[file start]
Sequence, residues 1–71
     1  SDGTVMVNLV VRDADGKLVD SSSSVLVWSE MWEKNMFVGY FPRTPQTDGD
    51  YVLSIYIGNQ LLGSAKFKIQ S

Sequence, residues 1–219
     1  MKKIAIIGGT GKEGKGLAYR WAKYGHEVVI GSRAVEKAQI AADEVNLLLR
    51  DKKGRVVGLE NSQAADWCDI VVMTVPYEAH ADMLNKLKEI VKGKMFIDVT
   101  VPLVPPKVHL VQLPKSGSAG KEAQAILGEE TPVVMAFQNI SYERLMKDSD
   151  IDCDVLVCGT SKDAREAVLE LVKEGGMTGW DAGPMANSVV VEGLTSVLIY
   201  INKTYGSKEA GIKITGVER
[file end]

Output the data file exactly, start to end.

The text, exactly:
Sequence, residues 1–71
     1  SDGTVMVNLV VRDADGKLVD SSSSVLVWSE MWEKNMFVGY FPRTPQTDGD
    51  YVLSIYIGNQ LLGSAKFKIQ S

Sequence, residues 1–219
     1  MKKIAIIGGT GKEGKGLAYR WAKYGHEVVI GSRAVEKAQI AADEVNLLLR
    51  DKKGRVVGLE NSQAADWCDI VVMTVPYEAH ADMLNKLKEI VKGKMFIDVT
   101  VPLVPPKVHL VQLPKSGSAG KEAQAILGEE TPVVMAFQNI SYERLMKDSD
   151  IDCDVLVCGT SKDAREAVLE LVKEGGMTGW DAGPMANSVV VEGLTSVLIY
   201  INKTYGSKEA GIKITGVER